Newsletter: Volume V, Issue 4

Promoting Spirituality for Diversity Advocacy and Social Justice Education:
A Practitioner’s Perspective

By Patricia Wolfe Anton

As an Assistant Director of Housing responsible for staff training and development, Anton noticed how staff sometimes hesitate to discuss issues of faith and spirituality with students, or even each other. Anton and her colleagues identified the need to educate staff from around campus on how various aspects of social identity, including spirituality and religious identities, impact their work with students. Collaborating with other Student Affairs units, Anton describes the process of developing a new training program around these areas, including challenges and future opportunities for similar work.


University Housing/Residential Life staff at the University of Illinois at Urbana-Champaign engage in ongoing social justice training as part of their staff development. In fall 2009, staff from University Housing/Residential Life and the Student Affairs Office of Inclusion and Intercultural Relations (OIIR) collaborated on a four-part series to explore the intersection of various social identities and their impact on students’ growth, peer interactions, and overall college experience. The exploration of spirituality was an important factor of social identity in this dialogue series. The following sections provide an overview of the background of the campus climate at University of Illinois and the units involved in this training series, a description of the program format, challenges and barriers we encountered, as well as future implications and recommendations to other campuses interested in engaging in similar work.


The University of Illinois is a large, public, Research I, land-grant institution in the Midwest that attracts many undergraduates from the Chicago area and beyond, and also boasts the highest population of international students among public institutions in the nation. Racial tension on the campus has been one of the most palpable social issues on the campus over the years due to the presence of the controversial Native American “Chief Illiniwek” symbol representing the athletic teams before its retirement in 2007. Gay, lesbian, bisexual, and transgender students and staff have had an increasing presence and voice on the campus in the past decade, with the LGBT Resource Center being established as a result. Ethnic cultural houses on the University of Illinois’ campus include the 40-year old African American Cultural Program, the 35-year old La Casa Cultural Latina, and newer initiatives of the Asian American Cultural Center and Native American House. Additionally, the Women’s Resource Center opened its doors in fall 2009 after outgrowing a single office after many years. Although a public institution, the campus is infused with a variety of churches, temples, mosques, and meeting houses throughout its landscape to support a very religiously active student body.

Staff in the residence halls works closely with all these diverse populations as undergraduate students are required to live on campus in certified housing for their first year. The Department of Residential Life in University Housing at Illinois has included social justice education and training for staff as well as students as a primary value and annual strategic plan goal for the past decade due to the necessity of meeting the needs of a diverse and changing student population. One way to carry out this work has been to dedicate the fall semester’s staff development series to a particular social justice issue for further exploration, understanding, and action planning.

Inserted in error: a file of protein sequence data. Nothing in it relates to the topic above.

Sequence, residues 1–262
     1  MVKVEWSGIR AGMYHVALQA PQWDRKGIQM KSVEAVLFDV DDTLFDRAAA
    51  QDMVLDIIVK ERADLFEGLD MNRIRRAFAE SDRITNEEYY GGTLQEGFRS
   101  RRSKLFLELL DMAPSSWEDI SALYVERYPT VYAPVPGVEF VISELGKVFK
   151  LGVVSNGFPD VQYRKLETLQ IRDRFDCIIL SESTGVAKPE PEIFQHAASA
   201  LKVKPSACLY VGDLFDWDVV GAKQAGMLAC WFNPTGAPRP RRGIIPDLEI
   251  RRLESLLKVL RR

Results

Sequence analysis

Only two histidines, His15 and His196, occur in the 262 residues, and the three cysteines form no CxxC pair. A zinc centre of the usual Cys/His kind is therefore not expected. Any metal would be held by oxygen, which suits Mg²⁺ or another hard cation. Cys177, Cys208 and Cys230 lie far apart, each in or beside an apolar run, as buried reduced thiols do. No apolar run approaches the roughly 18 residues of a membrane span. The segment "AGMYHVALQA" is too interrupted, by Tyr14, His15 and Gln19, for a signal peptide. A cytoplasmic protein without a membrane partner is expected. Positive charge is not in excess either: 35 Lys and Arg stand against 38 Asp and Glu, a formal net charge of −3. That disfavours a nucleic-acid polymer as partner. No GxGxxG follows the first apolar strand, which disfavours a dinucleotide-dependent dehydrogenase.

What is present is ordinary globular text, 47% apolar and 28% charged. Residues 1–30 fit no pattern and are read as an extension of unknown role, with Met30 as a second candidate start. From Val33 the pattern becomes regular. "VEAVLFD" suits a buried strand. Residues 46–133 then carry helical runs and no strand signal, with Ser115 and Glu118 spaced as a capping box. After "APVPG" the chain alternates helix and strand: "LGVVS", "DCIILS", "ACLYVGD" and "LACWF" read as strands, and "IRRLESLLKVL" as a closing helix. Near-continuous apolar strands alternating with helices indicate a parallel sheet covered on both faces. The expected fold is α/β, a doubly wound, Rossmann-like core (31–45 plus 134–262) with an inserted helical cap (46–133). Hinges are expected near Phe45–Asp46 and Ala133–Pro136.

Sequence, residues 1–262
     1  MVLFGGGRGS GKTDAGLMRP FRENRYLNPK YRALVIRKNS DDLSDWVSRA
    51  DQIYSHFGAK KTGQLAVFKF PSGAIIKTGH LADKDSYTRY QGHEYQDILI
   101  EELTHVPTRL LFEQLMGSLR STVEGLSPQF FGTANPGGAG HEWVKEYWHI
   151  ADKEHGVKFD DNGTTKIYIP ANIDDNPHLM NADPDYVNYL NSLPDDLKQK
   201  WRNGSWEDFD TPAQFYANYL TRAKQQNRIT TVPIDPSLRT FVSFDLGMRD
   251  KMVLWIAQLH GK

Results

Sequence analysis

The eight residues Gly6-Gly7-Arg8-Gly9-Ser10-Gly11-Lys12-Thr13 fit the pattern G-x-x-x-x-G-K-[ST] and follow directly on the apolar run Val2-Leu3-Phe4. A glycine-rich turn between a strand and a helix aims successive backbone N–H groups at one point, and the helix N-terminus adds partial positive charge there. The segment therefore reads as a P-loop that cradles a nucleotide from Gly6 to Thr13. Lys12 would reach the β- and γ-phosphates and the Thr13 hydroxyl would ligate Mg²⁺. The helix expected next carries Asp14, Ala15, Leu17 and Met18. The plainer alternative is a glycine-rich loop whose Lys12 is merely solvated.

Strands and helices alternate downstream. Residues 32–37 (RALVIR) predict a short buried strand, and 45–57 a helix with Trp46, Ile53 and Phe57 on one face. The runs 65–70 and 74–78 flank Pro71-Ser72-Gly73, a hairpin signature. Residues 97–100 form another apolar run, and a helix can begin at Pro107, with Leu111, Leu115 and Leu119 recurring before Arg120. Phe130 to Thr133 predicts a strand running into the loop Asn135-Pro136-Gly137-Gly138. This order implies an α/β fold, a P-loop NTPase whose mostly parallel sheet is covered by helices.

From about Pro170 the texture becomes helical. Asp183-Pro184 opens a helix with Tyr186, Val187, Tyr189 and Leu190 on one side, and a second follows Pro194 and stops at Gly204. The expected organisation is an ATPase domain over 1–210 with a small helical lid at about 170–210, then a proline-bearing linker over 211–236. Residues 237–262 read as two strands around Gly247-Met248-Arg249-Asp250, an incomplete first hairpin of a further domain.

Over the years staff has tackled conversations of race, sexual orientation, socio-economic status, religion and spirituality, gender, and ability in the format of a multiple-part learning series. The dialogue has never proven to be exclusive to these topics as staff recognize that one’s ability to consider their own or their students’ experiences around socio-economic status, for example, are deeply rooted in the overlap of their race, nationality, gender, ability, and so forth. It became apparent that the next step in the dialogue process needed to be an exploration of the intersection of various social identities at play.

Given this need for training around identity intersections, it seemed obvious that the Residential Life staff should reach out to other professional staff in Student Affairs and, in particular, to the various cultural centers and cultural programs that exist on campus to engage together in this learning series. Only recently have these offices been under the umbrella Office of Inclusion and Intercultural Relations, operating as a team of units with similar goals to serve students of particular populations, while also serving as a resource and educational program to all Illinois students. Coming together to participate in the staff learning series with the Residential Life staff would be a new initiative for the OIIR staff.


The goals of the staff learning series were:

Staff from both units met several times in the summer 2009 to decide upon the topics for each of the four sessions. The University of Illinois had just released information about its “One Book, One Campus” title for 2009-2010, alumnae Eboo Patel’s (2007) Acts of Faith, which staff decided would be a perfect backdrop to the learning series. The themes of the book include a coming-of-age process in regard to identity development, including faith development, learning to appreciate faith traditions other than one’s own, and finding common goals to work together as allies to serve the needy. These themes provided excellent connections to the goals of the learning series.

The following topics were selected and members of the Residential Life professional staff were paired with members of the OIIR staff based on expertise, interest area, and/or willingness to lead a particular session/topic. For interested staff, informal dialogue often followed at lunch in the dining hall immediately follow each program, and an optional book club was offered after the four-part series for staff wanting to discuss Patel’s book further.

Session I: Getting to Know Each Other; Introduction to the intersection of identity and how this effects social inclusion
Session II: Sexual orientation and gender issues intersecting with other social identities
Session III: Race, culture, and spirituality
Session IV: “Bi-and multi-” racial, ethnic, sexual, religious; exploring issues of students and staff living in the world of “both”; multicultural competencies student affairs professionals should build to model the conversation of multiple identities at play